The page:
Biochimica et Biophysica Acta 06/2012; 1823(10):1856-63. DOI:10.1016/j.bbamcr.2012.06.007 · 4.66 Impact Factor
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    • "and the opposite expression pattern, suggest that it has a negative influence on UCP2 mRNA expression in vivo. This contrasts with the effect of PPARGC1A on UCP2 gene expression in a rat insulinoma cell line (Oberkofler et al. 2006). However, there is still much debate about the precise function and the tissue-dependent regulation of UCP2 by many genes, and various contradictory results have been reported (Fleury and Sanchis 1999; Villarroya et al. 2007). "
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    ABSTRACT: Knowledge of in vivo relationship between the coactivator PPARGC1A and its target genes is very limited, especially in the pig. In this study, a real-time PCR experiment was performed on longissimus dorsi muscle (MLD) and backfat with 10 presumed PPARGC1A downstream target genes, involved in energy and fat metabolism, to identify possible relationships with PPARGC1A mRNA expression in vivo in the pig (n = 20). Except for UCP3 and LPL, a very significant difference in expression was found between MLD and backfat for all genes (P < 0.01). Hierarchical cluster analysis and the significant pairing of mRNA expression data between sampling locations suggested a genetic regulation of the expression of several target genes. A positive correlation with PPARGC1A was found for CPT1B, GLUT4, PDK4, and TFAM (P < 0.0001). A negative correlation was found for UCP2, FABP4, LEP (P < 0.0001), and TNF (P = 0.0071). No significant correlation was detected for UCP3 and LPL. This study provides evidence for a clear difference in mRNA expression of crucial genes in fat and energy metabolism between 2 important tissues. Our data suggest a clear impact of PPARGC1A on energy and lipid metabolism in vivo in the pig, through several of these downstream target genes.
    Journal of applied genetics 12/2009; 50(4):361-9. DOI:10.1007/BF03195694 · 1.90 Impact Factor
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    • "Various environmental factors modulate Ucp2 transcription: message levels are increased when beta cells are exposed to cold [17], elevated glucose or non-esterified fatty acid levels [15] and hydrogen peroxide [21], whilst it is decreased upon exposure to interleukin-1ß [22]. Most of this information on transcriptional regulation has been obtained from research on rodents, but it is becoming clear that the principal molecular mechanisms are similar in humans, despite a lack of sequence homology within the regulatory region of the respective genes [18]. It is important to realise that UCP2 mRNA and protein levels are not necessarily proportional in beta cells: a low in vivo protein content contrasts for example with a high amount of message, and protein increases may occur without changes in mRNA [23]. "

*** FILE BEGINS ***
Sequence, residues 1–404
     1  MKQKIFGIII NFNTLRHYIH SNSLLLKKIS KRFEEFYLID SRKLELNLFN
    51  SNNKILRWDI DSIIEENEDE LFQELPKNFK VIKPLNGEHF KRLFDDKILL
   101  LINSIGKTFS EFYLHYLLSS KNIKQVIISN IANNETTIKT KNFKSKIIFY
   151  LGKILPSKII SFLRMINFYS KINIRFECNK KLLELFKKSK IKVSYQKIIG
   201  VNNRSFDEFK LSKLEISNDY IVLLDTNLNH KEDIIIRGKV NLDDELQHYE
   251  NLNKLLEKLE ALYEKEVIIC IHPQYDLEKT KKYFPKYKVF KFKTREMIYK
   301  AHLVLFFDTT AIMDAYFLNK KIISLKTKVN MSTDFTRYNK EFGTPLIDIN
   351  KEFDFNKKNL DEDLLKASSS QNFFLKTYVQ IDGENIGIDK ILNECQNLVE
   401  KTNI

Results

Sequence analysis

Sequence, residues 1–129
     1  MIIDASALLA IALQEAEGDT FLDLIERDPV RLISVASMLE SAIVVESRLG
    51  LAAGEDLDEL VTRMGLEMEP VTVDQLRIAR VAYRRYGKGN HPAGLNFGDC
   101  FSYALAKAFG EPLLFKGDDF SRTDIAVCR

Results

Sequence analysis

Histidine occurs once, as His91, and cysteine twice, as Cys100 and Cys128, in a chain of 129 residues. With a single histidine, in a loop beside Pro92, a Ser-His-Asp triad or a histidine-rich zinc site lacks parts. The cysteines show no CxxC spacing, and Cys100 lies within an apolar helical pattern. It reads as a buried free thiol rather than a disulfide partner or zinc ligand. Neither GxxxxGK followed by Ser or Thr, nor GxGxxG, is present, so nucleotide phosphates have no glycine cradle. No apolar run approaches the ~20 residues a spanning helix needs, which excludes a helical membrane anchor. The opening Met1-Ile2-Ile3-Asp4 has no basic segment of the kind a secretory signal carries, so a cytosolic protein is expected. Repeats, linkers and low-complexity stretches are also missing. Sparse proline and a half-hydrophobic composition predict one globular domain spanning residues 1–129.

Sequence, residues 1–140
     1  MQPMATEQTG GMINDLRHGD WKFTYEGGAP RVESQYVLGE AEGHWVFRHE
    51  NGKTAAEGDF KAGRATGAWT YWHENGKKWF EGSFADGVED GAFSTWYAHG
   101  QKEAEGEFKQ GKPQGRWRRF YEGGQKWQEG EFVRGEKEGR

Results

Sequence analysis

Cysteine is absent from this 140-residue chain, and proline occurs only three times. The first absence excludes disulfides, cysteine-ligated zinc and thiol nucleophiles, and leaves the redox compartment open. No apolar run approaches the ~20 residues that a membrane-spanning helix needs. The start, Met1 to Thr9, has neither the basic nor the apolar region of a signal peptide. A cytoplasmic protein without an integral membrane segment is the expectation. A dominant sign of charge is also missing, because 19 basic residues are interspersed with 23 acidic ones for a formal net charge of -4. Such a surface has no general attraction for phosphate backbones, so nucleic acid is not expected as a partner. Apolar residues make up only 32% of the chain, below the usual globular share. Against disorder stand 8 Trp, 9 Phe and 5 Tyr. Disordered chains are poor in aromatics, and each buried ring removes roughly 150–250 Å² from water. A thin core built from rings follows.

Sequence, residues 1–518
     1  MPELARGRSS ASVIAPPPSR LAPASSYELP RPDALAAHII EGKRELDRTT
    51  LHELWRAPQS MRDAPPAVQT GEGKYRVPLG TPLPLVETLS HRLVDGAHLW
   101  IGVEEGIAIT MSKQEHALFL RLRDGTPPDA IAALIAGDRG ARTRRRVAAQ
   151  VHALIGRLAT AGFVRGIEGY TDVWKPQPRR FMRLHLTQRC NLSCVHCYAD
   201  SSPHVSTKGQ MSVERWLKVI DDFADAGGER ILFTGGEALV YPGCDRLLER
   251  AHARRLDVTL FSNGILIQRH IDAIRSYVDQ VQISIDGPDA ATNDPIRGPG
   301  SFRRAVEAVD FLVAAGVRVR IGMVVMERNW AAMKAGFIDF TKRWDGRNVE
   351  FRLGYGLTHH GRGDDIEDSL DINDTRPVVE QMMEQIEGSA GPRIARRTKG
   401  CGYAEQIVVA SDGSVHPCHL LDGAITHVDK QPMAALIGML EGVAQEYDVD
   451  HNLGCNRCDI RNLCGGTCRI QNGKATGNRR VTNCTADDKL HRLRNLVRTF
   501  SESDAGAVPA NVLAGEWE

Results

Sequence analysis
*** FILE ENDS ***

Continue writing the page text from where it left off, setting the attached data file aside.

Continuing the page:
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    ABSTRACT: Pancreatic beta cells secrete insulin when blood glucose levels are high. Dysfunction of this glucose-stimulated insulin secretion (GSIS) is partly responsible for the manifestation of type 2 diabetes, a metabolic disorder that is rapidly becoming a global pandemic. Mitochondria play a central role in GSIS by coupling glucose oxidation to production of ATP, a signal that triggers a series of events that ultimately leads to insulin release. Beta cells express a mitochondrial uncoupling protein, UCP2, which is rather surprising as activity of such a protein is anticipated to lower the efficiency of oxidative phosphorylation, and hence to impair GSIS. The mounting evidence demonstrating that insulin secretion is indeed blunted by UCP2 agrees with this prediction, and has provoked the idea that UCP2 activity contributes to beta cell pathogenesis and development of type 2 diabetes. Although this notion may be correct, the evolved function of UCP2 remains unclear. With this paper we aim to provide a brief account of the present state of affairs in this field, suggest a physiological role for UCP2, and highlight some of our own recent results.
    Biochimica et Biophysica Acta 07/2008; 1777(7-8):973-9. DOI:10.1016/j.bbabio.2008.03.022 · 4.66 Impact Factor